It Hurts to Die on Twitter

Losing your Twitter account is a lot like dying. It really is. It’s on a much smaller scale, of course, but there’s nothing else to compare it to.

One day, you’re joking around with your friends and scrapping with the schoolyard bullies. The next day you’re gone, and you don’t even know why.

Twitter never gave me a reason for why they suspended my account. The final message from them was a long-winded boilerplate about “Spamming” and that’s it. Not word since. Twitter doesn’t talk to the dead, especially if Twitter is the one who killed them.

Spamming. What is spamming? Isn’t that when you inundate a message board with the exact same message over and over again. And I mean, repeating the same message a lot of times, dozens if not hundreds of times, not just two or three.

I didn’t do that. Not even close.

Pasting the same message, usually commercial, hundreds of times everywhere is what spamming means to most of the world, but not to Twitter.

The reason I hate Jack Dorsey is because Twitter is one of the most poorly managed social media platforms in the world, yet it keeps growing in popularity and Jack just keeps adding another billion dollars to his bank account.

Twitter has also become one of the most essential websites on earth. Not popular, essential. It has reached the point that in order to live and work and integrate with the world, a person has to have a Twitter account in the exact same way that they need a telephone, the internet, or a car.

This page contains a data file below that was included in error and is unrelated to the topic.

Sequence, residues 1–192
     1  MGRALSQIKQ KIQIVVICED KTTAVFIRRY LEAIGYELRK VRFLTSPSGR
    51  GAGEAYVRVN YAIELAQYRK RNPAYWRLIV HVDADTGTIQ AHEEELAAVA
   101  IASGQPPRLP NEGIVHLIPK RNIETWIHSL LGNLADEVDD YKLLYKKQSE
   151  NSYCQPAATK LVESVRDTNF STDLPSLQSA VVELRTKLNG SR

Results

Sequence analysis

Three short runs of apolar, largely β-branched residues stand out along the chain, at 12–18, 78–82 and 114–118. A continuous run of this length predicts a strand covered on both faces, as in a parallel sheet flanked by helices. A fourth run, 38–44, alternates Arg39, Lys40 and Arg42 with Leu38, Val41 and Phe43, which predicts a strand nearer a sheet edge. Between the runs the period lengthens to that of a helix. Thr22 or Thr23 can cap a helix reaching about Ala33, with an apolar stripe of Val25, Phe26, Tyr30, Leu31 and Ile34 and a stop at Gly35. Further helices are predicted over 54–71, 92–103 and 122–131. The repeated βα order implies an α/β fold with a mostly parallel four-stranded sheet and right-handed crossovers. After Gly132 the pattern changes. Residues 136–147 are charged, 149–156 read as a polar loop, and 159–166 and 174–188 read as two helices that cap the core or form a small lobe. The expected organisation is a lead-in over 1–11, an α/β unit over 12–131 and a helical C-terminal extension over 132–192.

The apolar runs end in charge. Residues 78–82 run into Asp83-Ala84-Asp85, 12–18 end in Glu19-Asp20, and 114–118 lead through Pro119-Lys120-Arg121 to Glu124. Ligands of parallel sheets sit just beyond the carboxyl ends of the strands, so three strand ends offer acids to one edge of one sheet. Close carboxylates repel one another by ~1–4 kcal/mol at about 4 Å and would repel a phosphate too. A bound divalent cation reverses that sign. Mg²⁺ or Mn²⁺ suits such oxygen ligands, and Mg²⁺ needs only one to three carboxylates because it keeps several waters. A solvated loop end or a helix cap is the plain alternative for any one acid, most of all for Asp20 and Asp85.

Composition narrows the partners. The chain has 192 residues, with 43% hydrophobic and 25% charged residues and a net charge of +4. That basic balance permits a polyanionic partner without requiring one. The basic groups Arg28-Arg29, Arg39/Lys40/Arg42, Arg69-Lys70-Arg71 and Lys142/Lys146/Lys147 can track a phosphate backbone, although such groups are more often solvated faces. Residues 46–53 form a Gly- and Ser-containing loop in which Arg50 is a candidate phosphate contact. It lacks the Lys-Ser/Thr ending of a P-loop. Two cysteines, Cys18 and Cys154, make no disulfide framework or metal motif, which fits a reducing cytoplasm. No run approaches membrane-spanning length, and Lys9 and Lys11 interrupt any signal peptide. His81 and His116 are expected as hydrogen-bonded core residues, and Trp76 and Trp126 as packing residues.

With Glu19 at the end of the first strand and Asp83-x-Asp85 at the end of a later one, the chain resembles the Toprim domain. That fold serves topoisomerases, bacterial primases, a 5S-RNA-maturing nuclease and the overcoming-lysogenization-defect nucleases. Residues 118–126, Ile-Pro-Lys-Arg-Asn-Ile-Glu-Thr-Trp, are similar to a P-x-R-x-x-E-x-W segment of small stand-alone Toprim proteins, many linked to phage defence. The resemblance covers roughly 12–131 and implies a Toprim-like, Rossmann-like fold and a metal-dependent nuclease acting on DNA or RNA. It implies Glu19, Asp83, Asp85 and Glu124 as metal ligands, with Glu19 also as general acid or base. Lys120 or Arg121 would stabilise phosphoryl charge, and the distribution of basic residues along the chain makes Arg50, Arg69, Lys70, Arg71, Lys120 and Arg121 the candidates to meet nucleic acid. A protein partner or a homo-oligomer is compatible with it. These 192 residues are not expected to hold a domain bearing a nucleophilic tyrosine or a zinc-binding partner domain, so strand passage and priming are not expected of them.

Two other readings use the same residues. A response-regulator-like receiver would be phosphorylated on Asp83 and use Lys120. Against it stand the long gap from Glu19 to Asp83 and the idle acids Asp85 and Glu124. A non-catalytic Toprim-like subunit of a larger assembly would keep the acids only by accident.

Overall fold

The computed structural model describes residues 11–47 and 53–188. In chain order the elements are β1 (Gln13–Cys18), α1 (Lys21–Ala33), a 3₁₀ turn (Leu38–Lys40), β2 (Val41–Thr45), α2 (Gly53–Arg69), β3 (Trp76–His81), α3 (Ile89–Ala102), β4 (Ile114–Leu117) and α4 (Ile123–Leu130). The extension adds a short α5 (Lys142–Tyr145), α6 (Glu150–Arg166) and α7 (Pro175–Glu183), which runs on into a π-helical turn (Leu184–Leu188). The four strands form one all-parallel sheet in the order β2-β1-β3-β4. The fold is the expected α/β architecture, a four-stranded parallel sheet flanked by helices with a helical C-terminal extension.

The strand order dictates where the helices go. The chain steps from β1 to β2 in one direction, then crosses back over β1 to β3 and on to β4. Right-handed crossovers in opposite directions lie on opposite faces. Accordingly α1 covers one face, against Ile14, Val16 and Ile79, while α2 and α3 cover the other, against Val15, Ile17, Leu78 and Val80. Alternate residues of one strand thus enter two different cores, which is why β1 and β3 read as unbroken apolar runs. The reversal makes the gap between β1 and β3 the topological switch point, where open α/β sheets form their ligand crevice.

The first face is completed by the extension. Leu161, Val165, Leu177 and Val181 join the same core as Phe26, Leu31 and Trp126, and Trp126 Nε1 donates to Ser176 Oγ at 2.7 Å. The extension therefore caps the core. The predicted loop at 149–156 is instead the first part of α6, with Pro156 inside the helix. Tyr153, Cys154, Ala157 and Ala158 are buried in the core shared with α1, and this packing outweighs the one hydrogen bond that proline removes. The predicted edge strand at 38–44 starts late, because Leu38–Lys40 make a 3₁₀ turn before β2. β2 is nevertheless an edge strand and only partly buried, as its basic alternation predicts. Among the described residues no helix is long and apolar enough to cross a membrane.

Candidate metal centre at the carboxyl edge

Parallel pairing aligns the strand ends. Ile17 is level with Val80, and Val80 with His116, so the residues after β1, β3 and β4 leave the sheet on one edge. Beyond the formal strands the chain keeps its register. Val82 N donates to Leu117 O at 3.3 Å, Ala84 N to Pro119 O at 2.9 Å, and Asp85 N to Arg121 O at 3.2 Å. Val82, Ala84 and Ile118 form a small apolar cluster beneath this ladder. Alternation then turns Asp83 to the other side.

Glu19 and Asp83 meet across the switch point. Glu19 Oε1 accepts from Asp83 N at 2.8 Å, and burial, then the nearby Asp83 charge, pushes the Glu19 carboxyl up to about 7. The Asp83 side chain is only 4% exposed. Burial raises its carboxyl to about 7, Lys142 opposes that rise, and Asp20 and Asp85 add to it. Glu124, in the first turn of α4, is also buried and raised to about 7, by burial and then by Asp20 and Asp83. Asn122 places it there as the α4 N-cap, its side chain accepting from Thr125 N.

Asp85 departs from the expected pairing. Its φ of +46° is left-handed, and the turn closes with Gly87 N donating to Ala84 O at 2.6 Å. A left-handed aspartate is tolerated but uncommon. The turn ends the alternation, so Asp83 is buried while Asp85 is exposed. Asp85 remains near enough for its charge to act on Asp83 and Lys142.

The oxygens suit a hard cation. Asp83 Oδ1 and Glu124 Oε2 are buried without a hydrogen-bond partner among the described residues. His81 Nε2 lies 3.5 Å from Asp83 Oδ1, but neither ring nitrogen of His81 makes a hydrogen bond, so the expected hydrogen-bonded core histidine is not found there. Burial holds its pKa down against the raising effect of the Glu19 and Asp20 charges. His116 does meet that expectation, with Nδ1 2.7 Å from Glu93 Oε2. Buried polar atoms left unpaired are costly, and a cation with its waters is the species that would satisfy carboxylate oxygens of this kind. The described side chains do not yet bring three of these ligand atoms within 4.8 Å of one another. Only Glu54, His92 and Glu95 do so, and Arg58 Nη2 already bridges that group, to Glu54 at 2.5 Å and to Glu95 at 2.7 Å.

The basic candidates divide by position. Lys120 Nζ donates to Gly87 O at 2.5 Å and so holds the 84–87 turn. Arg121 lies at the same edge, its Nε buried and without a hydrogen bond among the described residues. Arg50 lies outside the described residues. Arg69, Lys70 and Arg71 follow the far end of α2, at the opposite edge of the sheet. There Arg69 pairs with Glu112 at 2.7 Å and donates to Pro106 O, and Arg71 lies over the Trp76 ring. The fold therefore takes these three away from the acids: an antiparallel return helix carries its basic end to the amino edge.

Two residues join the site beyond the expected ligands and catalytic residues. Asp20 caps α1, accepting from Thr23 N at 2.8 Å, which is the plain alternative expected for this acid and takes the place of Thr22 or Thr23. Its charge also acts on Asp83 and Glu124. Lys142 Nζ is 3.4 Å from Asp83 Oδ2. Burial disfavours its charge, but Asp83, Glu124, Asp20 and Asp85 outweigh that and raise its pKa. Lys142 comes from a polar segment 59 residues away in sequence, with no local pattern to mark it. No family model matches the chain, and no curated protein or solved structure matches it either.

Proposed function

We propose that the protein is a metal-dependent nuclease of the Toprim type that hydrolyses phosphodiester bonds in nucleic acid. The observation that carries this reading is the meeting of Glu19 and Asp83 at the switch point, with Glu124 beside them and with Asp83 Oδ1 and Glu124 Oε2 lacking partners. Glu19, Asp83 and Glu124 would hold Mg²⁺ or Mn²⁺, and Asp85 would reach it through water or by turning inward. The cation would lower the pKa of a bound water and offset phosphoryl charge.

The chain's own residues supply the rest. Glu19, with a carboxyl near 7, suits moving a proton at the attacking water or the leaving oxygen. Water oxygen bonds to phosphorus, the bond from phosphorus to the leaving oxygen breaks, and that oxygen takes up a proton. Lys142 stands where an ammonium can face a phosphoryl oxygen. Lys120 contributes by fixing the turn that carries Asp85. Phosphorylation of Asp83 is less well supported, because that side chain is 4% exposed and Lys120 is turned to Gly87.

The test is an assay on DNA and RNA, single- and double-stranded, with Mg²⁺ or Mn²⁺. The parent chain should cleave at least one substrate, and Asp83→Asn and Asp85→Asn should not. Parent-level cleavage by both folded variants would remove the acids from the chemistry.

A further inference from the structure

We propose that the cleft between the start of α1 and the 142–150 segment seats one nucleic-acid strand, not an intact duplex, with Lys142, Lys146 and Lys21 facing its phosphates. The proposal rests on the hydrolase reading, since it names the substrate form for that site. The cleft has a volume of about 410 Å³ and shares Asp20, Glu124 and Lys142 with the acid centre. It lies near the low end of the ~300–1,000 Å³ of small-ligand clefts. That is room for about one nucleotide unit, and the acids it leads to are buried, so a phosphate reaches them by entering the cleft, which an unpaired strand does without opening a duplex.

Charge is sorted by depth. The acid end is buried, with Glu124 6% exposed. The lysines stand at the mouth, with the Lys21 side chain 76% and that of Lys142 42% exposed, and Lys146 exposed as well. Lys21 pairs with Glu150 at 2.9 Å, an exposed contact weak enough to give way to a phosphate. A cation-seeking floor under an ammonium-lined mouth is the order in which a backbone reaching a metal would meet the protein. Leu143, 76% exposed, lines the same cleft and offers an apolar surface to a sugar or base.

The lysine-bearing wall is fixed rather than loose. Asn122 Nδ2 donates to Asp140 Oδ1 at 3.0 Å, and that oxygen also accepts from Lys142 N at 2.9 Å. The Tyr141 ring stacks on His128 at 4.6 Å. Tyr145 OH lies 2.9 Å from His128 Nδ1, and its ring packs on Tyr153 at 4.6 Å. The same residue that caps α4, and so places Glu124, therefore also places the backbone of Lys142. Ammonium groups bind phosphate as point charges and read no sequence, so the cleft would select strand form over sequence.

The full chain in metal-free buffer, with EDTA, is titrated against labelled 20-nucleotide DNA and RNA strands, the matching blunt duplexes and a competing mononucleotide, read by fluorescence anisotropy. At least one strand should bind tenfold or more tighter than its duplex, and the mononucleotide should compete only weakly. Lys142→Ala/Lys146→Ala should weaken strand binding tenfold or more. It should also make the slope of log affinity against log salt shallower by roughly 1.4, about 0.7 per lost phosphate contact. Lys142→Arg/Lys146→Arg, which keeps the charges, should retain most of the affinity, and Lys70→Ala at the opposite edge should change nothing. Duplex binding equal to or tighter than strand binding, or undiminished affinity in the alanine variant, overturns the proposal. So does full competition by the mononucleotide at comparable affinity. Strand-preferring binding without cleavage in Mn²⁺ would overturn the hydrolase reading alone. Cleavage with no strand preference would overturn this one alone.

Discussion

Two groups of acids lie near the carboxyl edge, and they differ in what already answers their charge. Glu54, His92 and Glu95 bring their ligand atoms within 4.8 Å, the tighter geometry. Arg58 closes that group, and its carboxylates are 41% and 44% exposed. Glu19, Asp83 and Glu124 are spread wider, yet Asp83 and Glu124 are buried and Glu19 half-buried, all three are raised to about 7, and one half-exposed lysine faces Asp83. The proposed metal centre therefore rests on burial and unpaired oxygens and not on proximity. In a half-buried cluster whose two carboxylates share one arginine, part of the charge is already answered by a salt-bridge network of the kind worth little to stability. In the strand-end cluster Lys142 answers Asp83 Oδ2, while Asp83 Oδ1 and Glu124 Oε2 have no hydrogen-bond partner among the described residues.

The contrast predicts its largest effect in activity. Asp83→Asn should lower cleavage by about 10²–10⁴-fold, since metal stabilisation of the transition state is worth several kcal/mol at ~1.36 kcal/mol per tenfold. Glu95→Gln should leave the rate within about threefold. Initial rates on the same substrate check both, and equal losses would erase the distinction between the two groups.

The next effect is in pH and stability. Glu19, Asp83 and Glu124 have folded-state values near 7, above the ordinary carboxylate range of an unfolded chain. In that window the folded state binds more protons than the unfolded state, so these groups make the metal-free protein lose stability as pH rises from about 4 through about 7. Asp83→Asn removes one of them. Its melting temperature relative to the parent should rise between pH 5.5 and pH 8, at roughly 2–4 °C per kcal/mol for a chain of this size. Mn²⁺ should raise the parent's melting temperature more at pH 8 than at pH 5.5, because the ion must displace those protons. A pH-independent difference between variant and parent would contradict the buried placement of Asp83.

And yet, Twitter can kick you off for any reason, at any time, and there’s not a damn thing you can do about it.

What’s worse is, there’s no consistency. Three people can post the exact same message and the first will get suspended, the second will get a seven-day time out, while the third will get no punishment at all.

I’ve had two accounts suspended now, and I can say in all honesty that I didn’t do anything bad enough to earn a permanent suspension. Take it with a grain of salt. I respect a healthy sense of skepticism.

But I never lied, and I never hurt anyone, and I never asked that anybody be hurt. I was never on the warpath, constantly, like so many of the conservative accounts.

Meanwhile, the liars and the hate-filled assholes with big accounts are safe and sound on Twitter, lying every day, and nothing will ever happen to them.

So I’m dead. Again. I died on Twitter. That world will go on without me, and sadly I probably won’t be missed. I just didn’t have what it takes to be a Twitter star.

Yet, here I am sitting at my computer, in a room filled with art supplies that I rarely used because I was too busy tweeting my precious, unique words into the void of an advertiser’s wet dream.

I don’t have a new life yet…but by God, I will soon.

(coming soon: why don’t anti-trust and monopoly laws apply to big tech like Twitter, Facebook, and Microsoft? Is it because Wall Street, i.e. the rich, prefer it that way because it’s easier for them to maintain control?)